If you’ve collected £2000 in VAT from your sales, but have paid £2500 in VAT for allowable business goods and services, HMRC will issue a VAT rebate of £500.
Any figures that are used on your Company Tax Return should exclude VAT, so there should be no business tax implications for any VAT rebates.
If I become VAT registered, do I charge no VAT for the first £85,000 of sales – and only charge 20% VAT for sales above this?
Sorry – you’re not correct with your understanding here.
When your business registers for VAT, you need to collect VAT from every sale you make. VAT should be added to all business invoices, with your VAT registration number on all documentation.
You need to register for VAT if you expect turnover of more than £85,000 in the next 30 day period, or if your business had a turnover of more than £85,000 over the last 12 months.
If I take a pay increase and become a higher rate tax payer, do I have to pay 40% on all my income?
You can relax here and take the pay increase with a smile on your face.
No – you don’t have to pay 40% Income Tax on all of your income when you reach the higher rate tax threshold.
The current Income Tax bands are:
|Income Tax Payable
|Up to £12,570
|£12,571 – £50,270
|£50,271 – £150,000
So assuming your salary was £52,000…
- The first £12,570 income would not incur tax.
- Your income between £12,571 and £50,270 would incur tax at 20%.
- Your income between £50,271 and £52,000 would be taxed at 40%.
So you would only pay 40% tax on £1,729 of your income.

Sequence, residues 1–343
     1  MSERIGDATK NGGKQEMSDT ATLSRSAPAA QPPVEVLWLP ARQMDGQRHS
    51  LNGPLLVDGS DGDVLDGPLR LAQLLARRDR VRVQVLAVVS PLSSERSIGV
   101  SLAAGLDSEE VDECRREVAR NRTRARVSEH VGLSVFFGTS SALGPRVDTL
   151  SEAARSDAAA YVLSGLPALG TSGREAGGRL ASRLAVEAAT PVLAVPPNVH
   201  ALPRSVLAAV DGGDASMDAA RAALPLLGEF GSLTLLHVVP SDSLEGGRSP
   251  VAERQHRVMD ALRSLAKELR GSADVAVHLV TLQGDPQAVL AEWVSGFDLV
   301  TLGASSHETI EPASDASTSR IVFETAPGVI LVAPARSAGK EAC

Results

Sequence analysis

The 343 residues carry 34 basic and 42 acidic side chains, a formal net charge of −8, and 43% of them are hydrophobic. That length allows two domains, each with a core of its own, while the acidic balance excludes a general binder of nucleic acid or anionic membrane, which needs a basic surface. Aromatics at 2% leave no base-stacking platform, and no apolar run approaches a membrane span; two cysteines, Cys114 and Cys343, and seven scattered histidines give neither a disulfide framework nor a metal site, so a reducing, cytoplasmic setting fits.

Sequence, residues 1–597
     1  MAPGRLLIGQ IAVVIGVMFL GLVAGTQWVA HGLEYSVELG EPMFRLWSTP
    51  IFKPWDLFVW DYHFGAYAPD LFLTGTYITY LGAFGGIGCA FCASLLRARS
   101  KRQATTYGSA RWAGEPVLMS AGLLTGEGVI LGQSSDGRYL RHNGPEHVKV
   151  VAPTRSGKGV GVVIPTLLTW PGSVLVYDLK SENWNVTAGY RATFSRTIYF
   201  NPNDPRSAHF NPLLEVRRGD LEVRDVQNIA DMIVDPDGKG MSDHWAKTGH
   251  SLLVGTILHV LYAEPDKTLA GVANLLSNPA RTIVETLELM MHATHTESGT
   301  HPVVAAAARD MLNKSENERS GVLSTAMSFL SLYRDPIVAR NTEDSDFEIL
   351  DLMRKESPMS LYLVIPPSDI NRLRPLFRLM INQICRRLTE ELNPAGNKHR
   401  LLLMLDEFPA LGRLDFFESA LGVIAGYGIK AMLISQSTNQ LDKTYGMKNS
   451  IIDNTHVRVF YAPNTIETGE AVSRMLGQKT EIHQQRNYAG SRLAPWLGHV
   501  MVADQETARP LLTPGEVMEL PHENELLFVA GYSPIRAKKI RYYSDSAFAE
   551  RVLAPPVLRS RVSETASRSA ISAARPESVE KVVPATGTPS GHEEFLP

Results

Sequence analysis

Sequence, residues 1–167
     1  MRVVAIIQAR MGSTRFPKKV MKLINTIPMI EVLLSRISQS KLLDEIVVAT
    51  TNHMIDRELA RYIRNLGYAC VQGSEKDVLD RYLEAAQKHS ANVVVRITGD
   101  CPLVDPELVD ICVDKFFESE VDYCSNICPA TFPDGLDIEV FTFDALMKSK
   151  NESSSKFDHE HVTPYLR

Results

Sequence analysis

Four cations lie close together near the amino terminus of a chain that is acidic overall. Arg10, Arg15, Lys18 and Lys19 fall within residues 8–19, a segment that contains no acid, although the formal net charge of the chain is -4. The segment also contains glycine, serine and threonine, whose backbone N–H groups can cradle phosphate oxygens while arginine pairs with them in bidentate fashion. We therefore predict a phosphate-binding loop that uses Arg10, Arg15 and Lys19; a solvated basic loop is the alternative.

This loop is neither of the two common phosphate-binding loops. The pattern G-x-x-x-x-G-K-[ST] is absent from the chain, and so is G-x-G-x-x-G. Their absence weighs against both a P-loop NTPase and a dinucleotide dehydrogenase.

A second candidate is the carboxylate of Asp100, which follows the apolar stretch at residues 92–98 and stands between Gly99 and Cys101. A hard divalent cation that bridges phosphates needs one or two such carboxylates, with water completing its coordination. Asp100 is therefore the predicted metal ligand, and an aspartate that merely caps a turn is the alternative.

I’ve just started my own business and I’m currently managing my own finances on Quickbooks. Do I need an accountant?
My biased answer would obviously be “Yes! You need an accountant!”
But in reality, I think only you can answer this question, based on your current billings, the complexity of your business, and your levels of confidence with business finance.
As a general rule, I would say if your business is a ‘side hustle’ alongside a stable full-time income, and is simple in nature – you can probably do a lot yourself within Quickbooks, reaching out to a trusted accountant on an ad-hoc basis for things you need support with (my number is 01302 613515 if you need it!)
But the minute your business becomes your primary source of income, there’s too much at risk to manage your business finances without professional support on an ongoing retainer basis. It’s at that point I would strongly recommend getting in touch with an accountant.
Is Quickbooks good for managing my accounts?
Yes – I’m a big fan of Quickbooks.
I actually wrote a blog post about the benefits of working with Quickbooks a couple of months ago – there’s a link here: https://www.dkaccs.co.uk/the-main-benefits-of-using-quickbooks-for-your-small-business/
It’s obviously not the only accounting software available, and we’re also fans of Xero (we’re a Quickbooks Platinum ProAdvisor, and also a Certified Advisor for Xero).
So that’s a wrap of the questions I’ve had this month.
Is there a question you have about business accountancy that isn’t in this list?
Drop me a line with any accountancy query and I’ll get back to you as soon as I can!
Telephone: 01302 613515